As an example of the discrepancy Partial+ can bring about, Rothacker points to a pair of nearly identical vulnerabilities found in the network stack of the Oracle database, both discovered by an AppSec researcher. Oracle assigned one vulnerability a CVSS rating of 5 and the other a more severe rating CVSS rating of 7.8, even though the two vulnerabilities differed from one another by only one byte, explained security researcher Esteban Martinez Fayo, in a blog post. The chief difference between the two ratings stemmed from the fact that one ranked with lower severity was given a Partial+ rating while the other one was assigned a Complete.
Of course, AppSec has a vested interest in having security officers revaluate Oracle's own vulnerability reports. The company offers auditing and compliance software for judging database security, and even offers its own revised severity ratings for Oracle database vulnerabilities. But the company does have intimate knowledge of Oracle vulnerabilities: its researchers found four of the six database vulnerabilities Oracle addressed in its last patch update.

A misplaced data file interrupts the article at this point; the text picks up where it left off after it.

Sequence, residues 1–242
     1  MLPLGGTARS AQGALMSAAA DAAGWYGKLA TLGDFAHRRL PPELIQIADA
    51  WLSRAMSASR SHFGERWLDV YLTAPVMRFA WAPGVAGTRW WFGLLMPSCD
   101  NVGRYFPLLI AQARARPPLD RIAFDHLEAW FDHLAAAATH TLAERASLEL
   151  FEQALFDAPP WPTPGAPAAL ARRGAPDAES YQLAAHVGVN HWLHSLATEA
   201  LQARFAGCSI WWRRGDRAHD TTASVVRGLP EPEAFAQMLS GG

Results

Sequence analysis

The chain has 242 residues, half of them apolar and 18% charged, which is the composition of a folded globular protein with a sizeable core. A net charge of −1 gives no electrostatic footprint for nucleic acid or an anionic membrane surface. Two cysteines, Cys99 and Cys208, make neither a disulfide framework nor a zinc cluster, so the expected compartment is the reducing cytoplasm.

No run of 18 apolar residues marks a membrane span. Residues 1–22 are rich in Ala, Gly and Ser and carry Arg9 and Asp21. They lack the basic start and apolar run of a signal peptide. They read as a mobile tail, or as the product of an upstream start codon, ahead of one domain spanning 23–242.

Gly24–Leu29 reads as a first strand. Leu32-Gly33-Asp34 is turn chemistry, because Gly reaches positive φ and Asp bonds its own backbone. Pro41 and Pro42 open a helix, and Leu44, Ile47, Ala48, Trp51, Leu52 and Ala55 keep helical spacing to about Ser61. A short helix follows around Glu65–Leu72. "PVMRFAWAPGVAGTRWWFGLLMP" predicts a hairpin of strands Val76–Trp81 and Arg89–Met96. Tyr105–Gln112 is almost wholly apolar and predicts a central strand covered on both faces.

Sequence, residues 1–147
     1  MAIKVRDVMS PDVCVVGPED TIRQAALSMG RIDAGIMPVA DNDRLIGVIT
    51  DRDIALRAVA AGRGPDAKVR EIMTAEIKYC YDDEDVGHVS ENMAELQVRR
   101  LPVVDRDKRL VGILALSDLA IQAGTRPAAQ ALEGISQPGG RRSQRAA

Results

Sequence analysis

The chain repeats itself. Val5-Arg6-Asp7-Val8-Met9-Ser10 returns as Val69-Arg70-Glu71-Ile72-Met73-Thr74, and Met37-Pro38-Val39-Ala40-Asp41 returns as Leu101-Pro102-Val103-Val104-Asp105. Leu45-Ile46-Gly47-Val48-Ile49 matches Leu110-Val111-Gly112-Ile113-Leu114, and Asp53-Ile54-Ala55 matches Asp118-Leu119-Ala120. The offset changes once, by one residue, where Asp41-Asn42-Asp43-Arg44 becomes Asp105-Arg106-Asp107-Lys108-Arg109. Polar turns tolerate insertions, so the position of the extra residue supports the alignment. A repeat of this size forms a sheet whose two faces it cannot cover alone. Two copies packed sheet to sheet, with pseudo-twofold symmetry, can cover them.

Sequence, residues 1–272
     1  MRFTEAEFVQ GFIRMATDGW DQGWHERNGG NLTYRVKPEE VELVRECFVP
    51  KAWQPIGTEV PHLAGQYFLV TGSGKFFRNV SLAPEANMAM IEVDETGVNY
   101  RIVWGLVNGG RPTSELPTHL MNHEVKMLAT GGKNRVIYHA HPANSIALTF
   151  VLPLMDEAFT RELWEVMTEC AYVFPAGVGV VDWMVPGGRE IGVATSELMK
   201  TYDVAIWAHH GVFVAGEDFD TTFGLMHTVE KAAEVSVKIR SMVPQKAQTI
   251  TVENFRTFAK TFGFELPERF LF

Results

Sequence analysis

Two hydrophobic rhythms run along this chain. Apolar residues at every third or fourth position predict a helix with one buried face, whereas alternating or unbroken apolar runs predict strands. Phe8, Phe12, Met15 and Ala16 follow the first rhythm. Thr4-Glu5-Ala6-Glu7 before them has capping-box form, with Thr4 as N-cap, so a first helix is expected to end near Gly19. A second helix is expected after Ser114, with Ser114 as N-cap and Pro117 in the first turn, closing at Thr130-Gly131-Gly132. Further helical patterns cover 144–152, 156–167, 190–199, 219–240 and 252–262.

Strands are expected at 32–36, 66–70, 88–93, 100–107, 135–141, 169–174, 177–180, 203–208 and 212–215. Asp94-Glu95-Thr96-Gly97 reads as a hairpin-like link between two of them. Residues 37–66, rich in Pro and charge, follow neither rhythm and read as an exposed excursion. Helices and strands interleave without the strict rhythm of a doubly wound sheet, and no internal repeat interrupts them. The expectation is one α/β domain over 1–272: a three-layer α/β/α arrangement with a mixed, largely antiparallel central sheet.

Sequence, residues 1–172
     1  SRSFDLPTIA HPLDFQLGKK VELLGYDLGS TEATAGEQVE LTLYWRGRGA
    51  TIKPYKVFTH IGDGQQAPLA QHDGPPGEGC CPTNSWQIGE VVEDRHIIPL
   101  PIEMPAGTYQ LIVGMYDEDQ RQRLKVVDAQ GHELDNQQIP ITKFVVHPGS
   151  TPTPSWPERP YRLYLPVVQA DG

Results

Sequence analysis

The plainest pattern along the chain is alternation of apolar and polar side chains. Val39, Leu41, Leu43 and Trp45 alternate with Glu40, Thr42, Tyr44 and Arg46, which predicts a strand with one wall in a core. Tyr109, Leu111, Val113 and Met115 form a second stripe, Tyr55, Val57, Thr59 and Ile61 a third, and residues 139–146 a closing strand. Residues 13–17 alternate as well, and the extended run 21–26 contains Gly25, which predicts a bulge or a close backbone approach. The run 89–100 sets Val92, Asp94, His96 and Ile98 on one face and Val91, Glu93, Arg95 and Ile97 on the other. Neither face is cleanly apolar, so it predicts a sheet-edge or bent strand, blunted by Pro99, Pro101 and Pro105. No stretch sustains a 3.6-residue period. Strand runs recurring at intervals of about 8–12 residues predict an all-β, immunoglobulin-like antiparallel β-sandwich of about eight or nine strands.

AppSec is not alone in questioning Oracle's unique Partial+ rating.
By creating the Partial+ rating, Oracle is in effect creating its own measurement system, said Adrian Lane, chief technology officer and analyst for security research firm Securosis. Lane, who also addressed the issue in a recent blog post, noted that while CVSS provides only an approximation of how severe a vulnerability can be, it is still a useful metric to administrators.
"By altering basic CVSS metrics, Oracle is throwing out the standard yardstick," he said.
Lane agrees with Rothacker's assessment that a vulnerability affecting all the tables of a database is a system-level vulnerability. If the vulnerability only affects a few tables, then it should be considered a Partial vulnerability, but by having control over an entire database, an exploit could disrupt the entire platform, and be given a Complete, he said.